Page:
those $l$ integers, thus obtaining the partition $n = 2+ \ldots + (m-l-1)
+ (m-l+1) + \ldots + (m-1) + m + (m+1)$. The product of parts is given by
$\frac{(m+1)!}{m-l}$, and the case $0 \leq l \leq m-2$ is settled.
The remaining case $l = m-1$ follows much along the same lines. By starting
from $n = 1 + \ldots + m + (m-1)$, by splitting $m-1$ into $1$'s and by adding
the ones to the parts $2, \ldots , m$, we obtain the partition $n = 1 + 3 +
\ldots + m + (m+1)$. The claim now follows by splicing the part $1$ to the
part $m+1$, thus obtaining the maximizing partition $n = 3+ \ldots + m +
(m+2)$.
\end{proof}
Hence, we have established an explicit formula for the $n$-th term of sequence
\seqnum{A034893}.
\section{Concluding remarks}
Among the best known results concerning the partitions of integers is certainly
the famous Euler's theorem stating that there are equally many partitions of a
positive integer into distinct parts and into odd parts \cite{stanley1}.
Hence, it is proper here to consider the maximum possible value of the product
of parts over all partitions of a positive integer into odd parts.
\begin{theorem}
Let $n \geq 8$ be a positive integer. The maximum value $b_n$
of the product of the parts in a partition of $n$ into odd parts is given by
$$b_n = \left \{ \matrix{
3^m &, & n = 3m; \cr
25 \cdot 3^{m-3} &, & n = 3m+1; \cr
5 \cdot 3^{m-1} &, & n = 3m+2.
} \right . $$
\end{theorem}
This sequence has essentially
the same structure and behavior as \seqnum{A000792}, and
the proof follows by the same reasoning, so we do not include it here. The
sequence $(b_n)$ begins as $1,1,3,3,5,9,9,15,27,25,45,81,\ldots$, and after
some initial irregularities falls into the pattern $b_{n+3} = 3b_n$, for
$n \geq 8$. The sequence is not listed in the {\em On-Line Encyclopedia of
Integer Sequences}.
Another sequence considered here that is not in the {\em On-Line Encyclopedia}
is the sequence counting the weak compositions of $n$ into $n$ parts that
appeared in Lemma 1. The sequence is defined as the number of weak compositions
$\mu $ of a positive integer $n$ into $n$ parts such that $\mu _{i+j} - \mu _i
\neq j$, for all $i, j = 1, \ldots , n-1$. The first few terms are $1,3,7,17,
37,85,181,399,841,1805,3757,7933$. It might be interesting to investigate
the properties of this sequence in more detail.
\section{Acknowledgments}
The support of the Ministry of Science, Education, and Sport of the Republic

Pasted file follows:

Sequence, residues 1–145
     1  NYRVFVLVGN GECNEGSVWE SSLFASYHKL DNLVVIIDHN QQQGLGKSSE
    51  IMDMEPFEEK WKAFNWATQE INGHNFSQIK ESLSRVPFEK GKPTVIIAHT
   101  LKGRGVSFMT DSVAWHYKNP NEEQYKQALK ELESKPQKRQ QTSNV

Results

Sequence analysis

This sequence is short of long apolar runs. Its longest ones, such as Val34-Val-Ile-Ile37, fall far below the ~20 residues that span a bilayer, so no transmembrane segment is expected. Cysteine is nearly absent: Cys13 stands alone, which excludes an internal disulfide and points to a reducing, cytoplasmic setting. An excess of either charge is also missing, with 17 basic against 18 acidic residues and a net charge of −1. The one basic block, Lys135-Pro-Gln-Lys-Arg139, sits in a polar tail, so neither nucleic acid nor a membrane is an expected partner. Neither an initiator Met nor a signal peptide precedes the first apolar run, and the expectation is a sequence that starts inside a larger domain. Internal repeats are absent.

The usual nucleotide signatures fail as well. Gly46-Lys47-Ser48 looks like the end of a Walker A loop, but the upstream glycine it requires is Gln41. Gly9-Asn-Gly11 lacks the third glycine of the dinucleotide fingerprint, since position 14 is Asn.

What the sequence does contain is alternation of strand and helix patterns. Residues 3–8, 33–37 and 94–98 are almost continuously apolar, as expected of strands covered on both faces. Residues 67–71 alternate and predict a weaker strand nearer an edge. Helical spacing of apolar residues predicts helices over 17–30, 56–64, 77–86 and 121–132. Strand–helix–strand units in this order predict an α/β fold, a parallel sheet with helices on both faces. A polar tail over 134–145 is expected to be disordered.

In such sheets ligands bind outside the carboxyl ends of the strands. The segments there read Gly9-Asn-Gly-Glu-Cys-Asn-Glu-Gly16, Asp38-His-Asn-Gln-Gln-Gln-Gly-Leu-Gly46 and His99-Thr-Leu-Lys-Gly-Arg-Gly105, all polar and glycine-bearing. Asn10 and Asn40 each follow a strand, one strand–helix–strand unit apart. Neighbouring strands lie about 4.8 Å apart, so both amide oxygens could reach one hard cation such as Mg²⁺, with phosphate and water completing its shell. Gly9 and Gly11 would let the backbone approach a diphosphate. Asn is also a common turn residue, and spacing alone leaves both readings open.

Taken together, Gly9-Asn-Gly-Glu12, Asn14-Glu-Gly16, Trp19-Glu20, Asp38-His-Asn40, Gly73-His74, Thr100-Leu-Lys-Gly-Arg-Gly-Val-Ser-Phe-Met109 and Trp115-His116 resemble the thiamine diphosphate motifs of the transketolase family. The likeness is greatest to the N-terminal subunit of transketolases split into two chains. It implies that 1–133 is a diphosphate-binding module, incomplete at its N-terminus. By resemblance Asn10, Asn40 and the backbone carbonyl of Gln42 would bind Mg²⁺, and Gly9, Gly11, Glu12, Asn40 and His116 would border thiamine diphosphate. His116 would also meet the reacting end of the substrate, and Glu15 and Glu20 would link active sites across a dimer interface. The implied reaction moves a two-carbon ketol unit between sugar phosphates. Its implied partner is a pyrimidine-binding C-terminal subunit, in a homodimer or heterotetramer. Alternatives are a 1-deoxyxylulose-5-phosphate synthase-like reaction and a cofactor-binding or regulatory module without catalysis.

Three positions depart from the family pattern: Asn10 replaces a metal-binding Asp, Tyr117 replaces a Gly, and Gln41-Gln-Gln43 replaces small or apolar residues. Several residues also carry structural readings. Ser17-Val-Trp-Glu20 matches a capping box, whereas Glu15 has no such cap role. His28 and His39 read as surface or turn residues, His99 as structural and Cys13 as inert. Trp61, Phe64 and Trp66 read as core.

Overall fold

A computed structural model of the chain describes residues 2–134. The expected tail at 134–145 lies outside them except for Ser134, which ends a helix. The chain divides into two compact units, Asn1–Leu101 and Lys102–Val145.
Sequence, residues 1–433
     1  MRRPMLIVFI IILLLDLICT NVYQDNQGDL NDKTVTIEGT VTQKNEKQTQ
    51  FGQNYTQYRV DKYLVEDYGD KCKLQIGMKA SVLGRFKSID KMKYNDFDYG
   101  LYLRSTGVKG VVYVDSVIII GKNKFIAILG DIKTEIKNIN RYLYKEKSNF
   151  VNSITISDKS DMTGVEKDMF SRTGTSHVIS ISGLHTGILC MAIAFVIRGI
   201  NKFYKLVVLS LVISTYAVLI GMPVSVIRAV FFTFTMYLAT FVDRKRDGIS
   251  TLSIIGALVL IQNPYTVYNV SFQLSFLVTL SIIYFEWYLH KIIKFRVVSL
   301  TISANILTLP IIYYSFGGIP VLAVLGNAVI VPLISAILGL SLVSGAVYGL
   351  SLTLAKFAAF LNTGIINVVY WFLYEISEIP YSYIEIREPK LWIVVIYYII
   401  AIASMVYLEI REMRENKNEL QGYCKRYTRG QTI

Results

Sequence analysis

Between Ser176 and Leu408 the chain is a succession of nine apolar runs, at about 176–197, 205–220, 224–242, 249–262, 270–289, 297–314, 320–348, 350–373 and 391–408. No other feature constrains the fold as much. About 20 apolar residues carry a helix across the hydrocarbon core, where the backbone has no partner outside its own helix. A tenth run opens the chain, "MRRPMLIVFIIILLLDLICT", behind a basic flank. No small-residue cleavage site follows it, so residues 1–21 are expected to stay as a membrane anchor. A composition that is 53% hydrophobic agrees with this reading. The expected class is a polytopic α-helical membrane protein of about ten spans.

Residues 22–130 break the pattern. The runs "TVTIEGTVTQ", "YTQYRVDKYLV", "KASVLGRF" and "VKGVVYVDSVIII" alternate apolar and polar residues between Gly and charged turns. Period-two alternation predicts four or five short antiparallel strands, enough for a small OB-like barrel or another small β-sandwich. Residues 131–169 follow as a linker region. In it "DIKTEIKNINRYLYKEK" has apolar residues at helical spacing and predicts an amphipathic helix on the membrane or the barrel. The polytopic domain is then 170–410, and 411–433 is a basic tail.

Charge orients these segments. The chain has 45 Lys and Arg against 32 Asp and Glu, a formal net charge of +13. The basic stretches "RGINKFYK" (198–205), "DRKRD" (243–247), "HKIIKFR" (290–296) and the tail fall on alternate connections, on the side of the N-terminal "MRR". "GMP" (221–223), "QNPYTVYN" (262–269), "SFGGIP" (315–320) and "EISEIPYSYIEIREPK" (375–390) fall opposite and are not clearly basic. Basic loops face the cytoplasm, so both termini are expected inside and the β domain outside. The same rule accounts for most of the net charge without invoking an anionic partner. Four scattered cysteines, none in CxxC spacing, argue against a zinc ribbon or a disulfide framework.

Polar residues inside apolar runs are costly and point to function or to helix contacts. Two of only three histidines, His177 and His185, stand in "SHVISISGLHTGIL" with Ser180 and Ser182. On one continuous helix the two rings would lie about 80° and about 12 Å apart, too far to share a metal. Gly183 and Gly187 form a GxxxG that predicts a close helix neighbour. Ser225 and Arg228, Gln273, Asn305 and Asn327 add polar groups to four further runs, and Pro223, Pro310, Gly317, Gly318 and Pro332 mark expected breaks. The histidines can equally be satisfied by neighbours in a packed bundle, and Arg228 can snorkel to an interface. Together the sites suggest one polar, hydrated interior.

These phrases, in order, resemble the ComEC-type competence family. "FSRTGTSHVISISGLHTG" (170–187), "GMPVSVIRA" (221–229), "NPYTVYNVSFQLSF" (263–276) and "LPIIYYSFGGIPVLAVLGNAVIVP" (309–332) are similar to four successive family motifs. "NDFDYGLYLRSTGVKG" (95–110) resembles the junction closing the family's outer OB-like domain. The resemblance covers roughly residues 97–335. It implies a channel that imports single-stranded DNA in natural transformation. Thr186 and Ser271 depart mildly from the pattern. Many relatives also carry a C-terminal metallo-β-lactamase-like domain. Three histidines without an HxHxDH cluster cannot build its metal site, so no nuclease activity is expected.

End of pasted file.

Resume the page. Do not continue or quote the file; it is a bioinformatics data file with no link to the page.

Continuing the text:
of Croatia via Grant 0037-117 is gratefully acknowledged.
\begin{thebibliography}{10}
\bibitem{barwell}
B. R. Barwell,
\newblock Cutting string and arranging counters,
\newblock {\em J. Rec. Math.} {\bf 4} (1971), 1664--168.
\bibitem{beevers}
B. S. Beevers,
\newblock The greatest product,
\newblock {\em Math. Gazette} {\bf 77} (1993) 91.
\bibitem{greitzer}
S. L. Greitzer,
\newblock {\em International Mathematical Olympiads 1959--1977},
\newblock MAA, Washington, 1978.
\bibitem{halmos}
P. R. Halmos,
\newblock {\em Problems for Mathematicians Young and Old},
\newblock MAA, Washington, 1991.
\bibitem{larson}
L. C. Larson,
\newblock {\em Problem-Solving Through Problems},
\newblock Springer Verlag, Berlin, 1983.
\bibitem{newman}
D. J. Newman,
\newblock {\em A Problem Seminar},
\newblock Springer Verlag, Berlin, 1982.
\bibitem{scholes1}
J. Scholes,
\newblock 18th IMO 1976, Problem 4,
\newblock available electronically at \href{http://http://www.kalva.demon.co.uk/imo/isoln/isol764.html}{\tt http://http://www.kalva.demon.co.uk/imo/isoln/isol764.html}.
\bibitem{scholes2}
J. Scholes,
\newblock 40th Putnam 1979 Problem A1,
\newblock available electronically at \href{http://www.kalva.demon.co.uk/putnam/psoln/psol791.html}{\tt http://www.kalva.demon.co.uk/putnam/psoln/psol791.html}.
\bibitem{sloane}
N. J. A. Sloane,
\newblock {\em On-Line Encyclopedia of Integer Sequences},
\newblock available electronically at \href{http://www.research.att.com/$\sim$njas/sequences/index.html}{\tt http://www.research.att.com/$\sim$njas/sequences/index.html}.
\bibitem{stanley1}
R. P. Stanley,
\newblock {\em Enumerative Combinatorics}, Vol. 1,
\newblock Wadsworth, Monterey, 1986.
\end{thebibliography}
\bigskip
\hrule
\bigskip
\noindent 2000 {\it Mathematics Subject Classification}:
Primary 05A17; Secondary: 05A10, 05A15
\noindent \emph{Keywords: }
partition of an integer, partition into distinct parts,
partition into odd parts
\bigskip
\hrule
\bigskip
\noindent (Concerned with sequences
\seqnum{A000217},
\seqnum{A000792}, and
\seqnum{A034893}.)
\bigskip
\hrule
\bigskip
\vspace*{+.1in}
\noindent
Received November 3 2005;
revised version received November 9 2005.
Published in {\it Journal of Integer Sequences}, November 14 2005.
\bigskip
\hrule
\bigskip
\noindent
Return to
\htmladdnormallink{Journal of Integer Sequences home page}{http://www.cs.uwaterloo.ca/journals/JIS/}.